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Valve Cover Racers

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The '55 had been on the road a couple of years by the late '80's. During this time, at the car shows, there was a competition that started showing up here and there. It was called Valve Cover Racing. In short, it was putting a set of wheels on a valve cover and gravity racing it down a plywood ramp, kind of like soap box derby racing, only on a small scale. In one of the parts cars I bought there was a pair of aluminum Cal Custom valve covers. One of the valve covers had a crudely cut hole in it for an oil fill hole, making it virtually worthless. The other valve cover however was in beautiful shape. What do you do with a single valve cover? You put a set of wheels on it and make a valve cover racer!

I guess I had a few spare hours to put in the racer, but only after I found myself searching auto parts stores and junkyards for special bearings, I started to ask myself why I was putting so much effort in it. That was a question I couldn't answer, but the search for small friction free bearings took several weeks. I finally found what I was looking for in a vacume cleaner head and I found myself actually spending a couple bucks for parts for this thing. Next, I needed relatively large, lightweight wheels. These were found in a 1/4" sheet of lexan. The project took a couple weeks of my spare time and the final result was a fairly high tech looking work of art. In the back of my mind were thoughts of wasted time on a stupid toy.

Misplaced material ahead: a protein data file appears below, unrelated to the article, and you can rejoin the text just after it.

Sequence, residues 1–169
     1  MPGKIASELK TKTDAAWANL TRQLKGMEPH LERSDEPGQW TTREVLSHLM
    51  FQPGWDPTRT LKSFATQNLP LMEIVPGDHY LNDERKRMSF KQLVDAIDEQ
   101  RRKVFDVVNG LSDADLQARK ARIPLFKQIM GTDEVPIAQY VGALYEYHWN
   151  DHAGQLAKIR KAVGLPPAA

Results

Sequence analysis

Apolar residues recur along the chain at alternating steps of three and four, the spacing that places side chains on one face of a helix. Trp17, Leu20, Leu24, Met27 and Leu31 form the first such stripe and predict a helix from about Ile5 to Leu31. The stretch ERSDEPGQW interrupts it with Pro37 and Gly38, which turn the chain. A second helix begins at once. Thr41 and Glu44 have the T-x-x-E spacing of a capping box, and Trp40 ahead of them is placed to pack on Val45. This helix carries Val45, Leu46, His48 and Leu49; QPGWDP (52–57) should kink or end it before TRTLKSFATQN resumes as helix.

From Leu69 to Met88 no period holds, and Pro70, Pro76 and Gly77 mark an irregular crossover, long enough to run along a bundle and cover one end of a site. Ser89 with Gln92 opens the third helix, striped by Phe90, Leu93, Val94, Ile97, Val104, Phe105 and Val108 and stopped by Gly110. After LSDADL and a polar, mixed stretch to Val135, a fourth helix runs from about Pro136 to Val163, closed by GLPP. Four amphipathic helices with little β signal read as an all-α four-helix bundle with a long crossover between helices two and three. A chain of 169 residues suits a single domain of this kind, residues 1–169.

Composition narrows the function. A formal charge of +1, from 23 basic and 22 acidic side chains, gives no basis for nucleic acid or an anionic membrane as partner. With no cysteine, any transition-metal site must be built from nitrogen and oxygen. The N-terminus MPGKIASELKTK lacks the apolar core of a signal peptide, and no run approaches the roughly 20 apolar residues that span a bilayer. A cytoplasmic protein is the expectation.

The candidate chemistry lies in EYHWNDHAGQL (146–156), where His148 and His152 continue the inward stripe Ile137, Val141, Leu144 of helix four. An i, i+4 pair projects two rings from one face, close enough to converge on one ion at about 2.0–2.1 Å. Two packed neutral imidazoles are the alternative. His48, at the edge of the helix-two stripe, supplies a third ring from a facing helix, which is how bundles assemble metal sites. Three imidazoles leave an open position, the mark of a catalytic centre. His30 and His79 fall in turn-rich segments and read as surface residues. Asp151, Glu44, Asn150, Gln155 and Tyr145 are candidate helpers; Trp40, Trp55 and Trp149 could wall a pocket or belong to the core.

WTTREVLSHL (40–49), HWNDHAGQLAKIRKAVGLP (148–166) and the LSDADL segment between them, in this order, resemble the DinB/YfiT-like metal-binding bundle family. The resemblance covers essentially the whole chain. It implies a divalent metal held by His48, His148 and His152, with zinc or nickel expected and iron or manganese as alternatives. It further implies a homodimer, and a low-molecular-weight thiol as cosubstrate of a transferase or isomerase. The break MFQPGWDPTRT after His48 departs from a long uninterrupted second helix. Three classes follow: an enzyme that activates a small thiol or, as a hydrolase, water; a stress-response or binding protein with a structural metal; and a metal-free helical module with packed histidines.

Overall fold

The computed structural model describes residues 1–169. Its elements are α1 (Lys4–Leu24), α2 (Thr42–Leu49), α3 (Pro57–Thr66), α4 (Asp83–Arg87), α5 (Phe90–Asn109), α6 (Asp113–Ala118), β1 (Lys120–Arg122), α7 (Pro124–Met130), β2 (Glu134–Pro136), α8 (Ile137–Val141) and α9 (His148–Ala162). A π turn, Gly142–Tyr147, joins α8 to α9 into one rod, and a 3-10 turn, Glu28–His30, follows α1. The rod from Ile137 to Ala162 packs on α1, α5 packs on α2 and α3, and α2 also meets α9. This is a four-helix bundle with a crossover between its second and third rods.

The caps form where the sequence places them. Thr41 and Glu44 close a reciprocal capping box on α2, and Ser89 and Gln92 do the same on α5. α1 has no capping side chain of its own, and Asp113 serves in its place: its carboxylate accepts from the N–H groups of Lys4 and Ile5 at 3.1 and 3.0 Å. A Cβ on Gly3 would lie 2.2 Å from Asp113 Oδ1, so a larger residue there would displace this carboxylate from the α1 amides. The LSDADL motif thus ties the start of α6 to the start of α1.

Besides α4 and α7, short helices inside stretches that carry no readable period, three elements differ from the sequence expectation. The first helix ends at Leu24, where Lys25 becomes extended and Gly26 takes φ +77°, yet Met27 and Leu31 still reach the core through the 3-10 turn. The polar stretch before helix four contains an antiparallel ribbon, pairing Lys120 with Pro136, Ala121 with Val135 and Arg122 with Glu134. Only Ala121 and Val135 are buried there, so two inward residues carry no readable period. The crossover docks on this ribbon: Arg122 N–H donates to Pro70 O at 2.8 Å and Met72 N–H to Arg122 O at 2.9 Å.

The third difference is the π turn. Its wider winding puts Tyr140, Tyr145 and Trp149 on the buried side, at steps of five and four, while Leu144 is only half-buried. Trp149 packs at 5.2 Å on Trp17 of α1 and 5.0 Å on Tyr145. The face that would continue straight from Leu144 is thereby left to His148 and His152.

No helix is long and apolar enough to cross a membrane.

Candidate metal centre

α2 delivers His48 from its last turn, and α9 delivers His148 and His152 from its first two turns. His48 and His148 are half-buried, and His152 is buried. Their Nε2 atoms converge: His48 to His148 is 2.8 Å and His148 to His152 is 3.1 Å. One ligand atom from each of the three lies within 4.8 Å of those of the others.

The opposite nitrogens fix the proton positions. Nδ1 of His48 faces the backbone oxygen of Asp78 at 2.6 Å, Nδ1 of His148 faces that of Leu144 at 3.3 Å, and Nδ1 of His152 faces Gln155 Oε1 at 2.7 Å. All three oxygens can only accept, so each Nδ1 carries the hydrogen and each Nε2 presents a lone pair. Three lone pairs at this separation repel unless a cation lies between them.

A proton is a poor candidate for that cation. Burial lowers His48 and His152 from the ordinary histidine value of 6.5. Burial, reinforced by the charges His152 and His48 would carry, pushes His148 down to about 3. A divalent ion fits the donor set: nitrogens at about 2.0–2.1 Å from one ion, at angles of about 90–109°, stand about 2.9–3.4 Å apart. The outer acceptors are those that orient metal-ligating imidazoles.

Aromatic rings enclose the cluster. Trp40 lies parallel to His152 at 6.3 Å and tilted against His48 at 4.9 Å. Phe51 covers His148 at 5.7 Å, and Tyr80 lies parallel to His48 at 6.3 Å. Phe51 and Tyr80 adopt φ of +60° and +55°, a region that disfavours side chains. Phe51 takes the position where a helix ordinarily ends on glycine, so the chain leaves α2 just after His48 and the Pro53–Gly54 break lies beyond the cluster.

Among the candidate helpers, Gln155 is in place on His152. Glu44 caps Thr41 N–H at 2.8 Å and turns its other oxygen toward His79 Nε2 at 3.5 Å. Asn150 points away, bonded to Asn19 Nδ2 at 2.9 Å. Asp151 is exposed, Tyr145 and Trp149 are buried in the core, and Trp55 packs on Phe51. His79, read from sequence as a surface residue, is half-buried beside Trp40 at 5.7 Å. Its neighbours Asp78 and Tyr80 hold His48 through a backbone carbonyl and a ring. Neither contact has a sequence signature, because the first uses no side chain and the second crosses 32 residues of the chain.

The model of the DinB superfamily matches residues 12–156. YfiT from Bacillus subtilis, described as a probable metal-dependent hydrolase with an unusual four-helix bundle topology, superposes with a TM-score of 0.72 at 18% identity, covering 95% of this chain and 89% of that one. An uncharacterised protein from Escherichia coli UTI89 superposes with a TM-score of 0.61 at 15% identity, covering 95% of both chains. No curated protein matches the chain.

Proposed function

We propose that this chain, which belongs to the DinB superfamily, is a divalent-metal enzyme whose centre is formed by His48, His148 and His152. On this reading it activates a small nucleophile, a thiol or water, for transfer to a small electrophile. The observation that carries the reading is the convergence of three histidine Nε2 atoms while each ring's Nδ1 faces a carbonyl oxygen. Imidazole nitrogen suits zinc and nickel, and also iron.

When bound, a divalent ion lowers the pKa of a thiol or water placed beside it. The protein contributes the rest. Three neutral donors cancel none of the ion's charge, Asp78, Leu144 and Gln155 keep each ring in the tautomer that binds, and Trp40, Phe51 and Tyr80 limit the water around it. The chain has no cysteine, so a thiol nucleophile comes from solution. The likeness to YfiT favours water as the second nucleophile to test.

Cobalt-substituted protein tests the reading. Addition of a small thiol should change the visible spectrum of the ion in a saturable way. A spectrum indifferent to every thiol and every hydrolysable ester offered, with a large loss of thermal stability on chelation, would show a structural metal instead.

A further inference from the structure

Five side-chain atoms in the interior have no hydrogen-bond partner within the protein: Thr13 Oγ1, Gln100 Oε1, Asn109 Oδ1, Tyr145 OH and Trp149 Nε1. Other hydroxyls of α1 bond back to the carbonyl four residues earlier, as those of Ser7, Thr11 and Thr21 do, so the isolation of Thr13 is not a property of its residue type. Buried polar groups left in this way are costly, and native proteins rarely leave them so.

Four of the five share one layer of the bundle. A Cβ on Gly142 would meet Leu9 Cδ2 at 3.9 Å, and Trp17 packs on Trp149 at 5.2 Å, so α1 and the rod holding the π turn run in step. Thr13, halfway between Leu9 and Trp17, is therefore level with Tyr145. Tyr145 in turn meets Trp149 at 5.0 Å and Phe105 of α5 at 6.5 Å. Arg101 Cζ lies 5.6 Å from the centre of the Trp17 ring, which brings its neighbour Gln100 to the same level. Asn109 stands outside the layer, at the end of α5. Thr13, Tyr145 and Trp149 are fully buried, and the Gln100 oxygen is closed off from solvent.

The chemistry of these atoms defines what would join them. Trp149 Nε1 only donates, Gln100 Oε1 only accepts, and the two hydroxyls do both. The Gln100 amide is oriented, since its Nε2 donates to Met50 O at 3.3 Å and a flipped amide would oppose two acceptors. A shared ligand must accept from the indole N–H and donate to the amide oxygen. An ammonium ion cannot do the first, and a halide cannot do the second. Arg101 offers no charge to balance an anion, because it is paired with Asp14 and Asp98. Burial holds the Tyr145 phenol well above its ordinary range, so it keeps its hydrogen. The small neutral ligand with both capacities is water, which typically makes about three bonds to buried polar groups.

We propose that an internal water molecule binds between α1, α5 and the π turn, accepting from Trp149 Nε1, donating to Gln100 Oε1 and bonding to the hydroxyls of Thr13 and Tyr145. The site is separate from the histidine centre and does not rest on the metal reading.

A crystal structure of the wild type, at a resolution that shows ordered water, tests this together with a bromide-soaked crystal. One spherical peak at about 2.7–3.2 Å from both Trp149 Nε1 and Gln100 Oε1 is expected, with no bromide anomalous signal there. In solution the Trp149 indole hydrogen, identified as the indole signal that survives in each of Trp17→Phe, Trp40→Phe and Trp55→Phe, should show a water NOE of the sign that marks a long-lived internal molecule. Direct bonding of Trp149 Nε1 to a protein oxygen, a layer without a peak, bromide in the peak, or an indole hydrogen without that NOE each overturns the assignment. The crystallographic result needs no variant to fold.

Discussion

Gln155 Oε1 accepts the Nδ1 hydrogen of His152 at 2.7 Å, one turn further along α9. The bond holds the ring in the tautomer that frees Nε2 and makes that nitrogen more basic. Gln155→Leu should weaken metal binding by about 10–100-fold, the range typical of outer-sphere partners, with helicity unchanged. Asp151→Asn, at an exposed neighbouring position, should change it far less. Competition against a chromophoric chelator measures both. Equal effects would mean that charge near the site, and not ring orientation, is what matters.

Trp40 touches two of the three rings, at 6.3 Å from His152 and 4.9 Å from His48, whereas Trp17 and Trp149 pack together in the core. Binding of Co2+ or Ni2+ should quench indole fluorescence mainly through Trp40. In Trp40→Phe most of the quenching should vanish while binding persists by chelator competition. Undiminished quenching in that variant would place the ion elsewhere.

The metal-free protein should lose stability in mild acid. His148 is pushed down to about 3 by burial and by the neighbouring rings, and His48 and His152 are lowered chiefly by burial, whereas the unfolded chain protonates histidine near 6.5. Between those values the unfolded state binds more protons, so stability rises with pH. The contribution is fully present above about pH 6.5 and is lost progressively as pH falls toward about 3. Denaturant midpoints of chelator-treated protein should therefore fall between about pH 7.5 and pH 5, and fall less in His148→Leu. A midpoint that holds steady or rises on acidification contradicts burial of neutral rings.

Freddy had been watching me work on this toy and said he wanted one too. His was a little lower tech but pretty cool in itself. His was built from a steel Chevrolet script valve cover mounted on a 2x4 with rollerskate wheels.

The new toys found a home in the trunk of the '55, going wherever the car went. Whenever there was a valve cover race at a car show, the valve cover racers were put into action. It turned out they were very competitive racers from the start. Just entering in a race would get a nice T-shirt, being a finalist would get a small trophy or a couple bucks cash. After winning several races and collecting some really neat "stuff", I started to think that our efforts were not wasted after all. It was after winning a pair of $80 Rebock shoes that I came to realize these things was paying their own way! I guess the racers rode in the trunk of the car for a couple years before being taken to the trophy room and retired from service. At last count, the $8 dollar investment and some spare parts had accounted for maybe $120 in winnings!